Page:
Even a 22-point victory and an 11th straight win in the Southeastern Conference isn’t enough to make Tennessee coach Pat Summitt ignore a sloppy performance by some of her players.
The Lady Volunteers struggled in the paint, shot poorly and turned the ball over often in the first half against a Florida team they’d already beat by 43 points earlier in the season.
They still managed a 61-39 victory against the Gators on Thursday night.
“We didn’t come out and respect them early, and that disappointed me,” Summitt said. “We have to commit all the time. The first game you have to let go.”
Despite frustrating Summitt with inconsistent play, Tennessee (23-2, 11-0 Southeastern Conference) is cruising through SEC play after being picked to win the conference this season. The Lady Vols have beaten their league opponents by an average 25 points per game.
Still, the Lady Vols shot just 33.3 percent in the first half and had five quick turnovers in the first 5 minutes. Forward Shekinna Stricklen knows if they want to keep their winning streak going through the SEC tournament and into the NCAA tournament, they’ve got to improve.
“We have to be focused every game,” she said. “We have to play every team like they’re the best team. Everyone really has their best night against us. We just have to hold each other accountable.”
The Gators (14-12, 4-8) had their own offensive struggles and couldn’t take advantage of Tennessee’s slow start, going cold for 5:44 in the first half after taking a 7-4 lead on a layup by Ndidi Madu with 15:16 before halftime.
Stricklen was one of the few players not to draw Summitt’s ire. While her teammates were turning the ball over and missing their shots, Stricklen made her first four, two of which were 3s, and hit half of Tennessee’s 14 unanswered points during Florida’s scoring drought.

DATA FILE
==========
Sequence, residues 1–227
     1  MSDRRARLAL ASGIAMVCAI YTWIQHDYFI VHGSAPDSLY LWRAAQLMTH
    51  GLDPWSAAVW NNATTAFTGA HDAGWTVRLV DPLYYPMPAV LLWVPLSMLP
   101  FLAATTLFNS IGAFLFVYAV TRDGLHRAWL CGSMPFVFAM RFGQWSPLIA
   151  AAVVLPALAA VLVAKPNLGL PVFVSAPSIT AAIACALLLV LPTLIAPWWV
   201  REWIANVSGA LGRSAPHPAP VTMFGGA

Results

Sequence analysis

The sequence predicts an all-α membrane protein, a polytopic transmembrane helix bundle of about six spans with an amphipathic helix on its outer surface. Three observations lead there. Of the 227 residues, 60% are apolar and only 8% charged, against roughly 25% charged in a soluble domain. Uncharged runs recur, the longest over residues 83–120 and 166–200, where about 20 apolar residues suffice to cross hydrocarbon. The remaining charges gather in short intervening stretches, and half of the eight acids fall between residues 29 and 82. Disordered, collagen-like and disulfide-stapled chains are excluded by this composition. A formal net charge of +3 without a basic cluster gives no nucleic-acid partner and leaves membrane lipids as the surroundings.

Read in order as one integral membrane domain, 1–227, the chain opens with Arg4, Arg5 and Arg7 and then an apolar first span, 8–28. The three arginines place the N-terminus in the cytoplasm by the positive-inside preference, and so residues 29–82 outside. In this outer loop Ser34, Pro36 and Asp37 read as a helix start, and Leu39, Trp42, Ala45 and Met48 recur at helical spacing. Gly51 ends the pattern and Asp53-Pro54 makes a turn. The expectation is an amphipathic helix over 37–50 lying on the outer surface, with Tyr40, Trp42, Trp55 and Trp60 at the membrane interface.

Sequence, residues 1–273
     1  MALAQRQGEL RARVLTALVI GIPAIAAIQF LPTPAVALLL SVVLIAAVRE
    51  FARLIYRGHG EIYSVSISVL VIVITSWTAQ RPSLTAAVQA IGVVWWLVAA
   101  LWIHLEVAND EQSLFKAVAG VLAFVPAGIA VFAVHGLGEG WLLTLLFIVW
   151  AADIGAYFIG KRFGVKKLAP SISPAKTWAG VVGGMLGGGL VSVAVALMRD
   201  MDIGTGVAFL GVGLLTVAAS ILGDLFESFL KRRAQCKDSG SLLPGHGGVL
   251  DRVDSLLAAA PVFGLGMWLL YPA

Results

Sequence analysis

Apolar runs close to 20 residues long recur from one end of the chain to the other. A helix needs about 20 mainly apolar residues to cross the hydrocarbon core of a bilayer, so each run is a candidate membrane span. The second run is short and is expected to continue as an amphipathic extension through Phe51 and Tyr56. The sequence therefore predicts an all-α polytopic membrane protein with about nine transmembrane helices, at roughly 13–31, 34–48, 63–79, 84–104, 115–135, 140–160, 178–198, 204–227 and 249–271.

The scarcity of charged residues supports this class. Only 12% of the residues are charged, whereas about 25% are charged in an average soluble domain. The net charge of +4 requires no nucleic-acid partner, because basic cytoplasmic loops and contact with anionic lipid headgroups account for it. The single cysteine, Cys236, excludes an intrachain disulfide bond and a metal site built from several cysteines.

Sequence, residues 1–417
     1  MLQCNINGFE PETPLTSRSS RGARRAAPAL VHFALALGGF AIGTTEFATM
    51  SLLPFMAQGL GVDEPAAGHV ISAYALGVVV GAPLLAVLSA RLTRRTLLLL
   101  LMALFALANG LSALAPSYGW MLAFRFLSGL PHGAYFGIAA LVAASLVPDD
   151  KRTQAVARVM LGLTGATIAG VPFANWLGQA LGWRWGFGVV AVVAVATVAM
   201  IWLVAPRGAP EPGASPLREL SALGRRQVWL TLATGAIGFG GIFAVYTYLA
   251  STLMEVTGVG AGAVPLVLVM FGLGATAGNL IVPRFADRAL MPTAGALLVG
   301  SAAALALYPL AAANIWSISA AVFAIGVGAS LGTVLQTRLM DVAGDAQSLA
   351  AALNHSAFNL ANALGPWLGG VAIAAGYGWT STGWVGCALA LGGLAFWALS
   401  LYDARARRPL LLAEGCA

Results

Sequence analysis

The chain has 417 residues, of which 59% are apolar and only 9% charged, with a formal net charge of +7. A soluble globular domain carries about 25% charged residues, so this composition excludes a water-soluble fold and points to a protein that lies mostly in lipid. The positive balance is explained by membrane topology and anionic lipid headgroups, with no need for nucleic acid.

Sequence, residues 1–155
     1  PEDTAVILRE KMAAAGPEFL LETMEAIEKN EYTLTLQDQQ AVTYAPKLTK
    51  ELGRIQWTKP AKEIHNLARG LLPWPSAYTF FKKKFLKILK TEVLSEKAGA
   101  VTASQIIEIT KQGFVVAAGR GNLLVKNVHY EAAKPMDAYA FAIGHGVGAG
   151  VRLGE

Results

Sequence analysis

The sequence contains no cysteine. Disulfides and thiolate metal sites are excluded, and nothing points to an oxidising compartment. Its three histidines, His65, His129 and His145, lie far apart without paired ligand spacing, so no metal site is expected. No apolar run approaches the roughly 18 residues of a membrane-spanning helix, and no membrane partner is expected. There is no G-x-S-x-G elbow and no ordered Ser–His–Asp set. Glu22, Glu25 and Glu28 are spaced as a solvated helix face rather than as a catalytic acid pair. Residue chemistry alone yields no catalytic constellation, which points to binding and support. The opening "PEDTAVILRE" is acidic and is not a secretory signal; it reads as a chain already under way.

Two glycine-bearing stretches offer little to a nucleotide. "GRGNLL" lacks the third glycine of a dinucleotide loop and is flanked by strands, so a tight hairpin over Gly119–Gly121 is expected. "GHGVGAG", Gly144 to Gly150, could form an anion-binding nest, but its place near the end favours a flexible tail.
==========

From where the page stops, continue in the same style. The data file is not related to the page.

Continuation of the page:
Glory Johnson didn’t have a single point at halftime and got an earful from Summitt because of it. It did the trick as Johnson scored 16 points in the second half to help the Lady Vols pull away.
“She was not sprinting the floor and was being casual,” Summitt said. “You can talk to Glory, though. It doesn’t matter if you yell or if you whisper, she responds.”
The Gators had shot 21.4 percent—their third-lowest shooting percentage ever in a game—in the 83-40 loss to Tennessee in Gainesville on Jan. 13 and didn’t improve much this time. By halftime they’d only hit seven of 32 attempts, and they finished 25 percent.
Florida coach Amanda Butler said she knew she didn’t need to remind her players of how poorly they played in the first game against the Lady Vols, but did anyway in hopes of motivating them to play better this time.
“We felt like we probably played our worst game of the year, and you just can’t do that against possibly the best competition we face all year long. Were we motivated by that? Absolutely, no question.”
Jaterra Bonds scored 10 points for Florida, which has lost its last three games to the Lady Vols by an average 34.7 points. The Gators’ 39 points were a season low by a Tennessee opponent.
“We got killed in the first game,” Bonds said. “We didn’t come out playing how we know how to play and how we are supposed to play. That motivated us to come out even harder and play our best game against them because they are the best team in the conference.”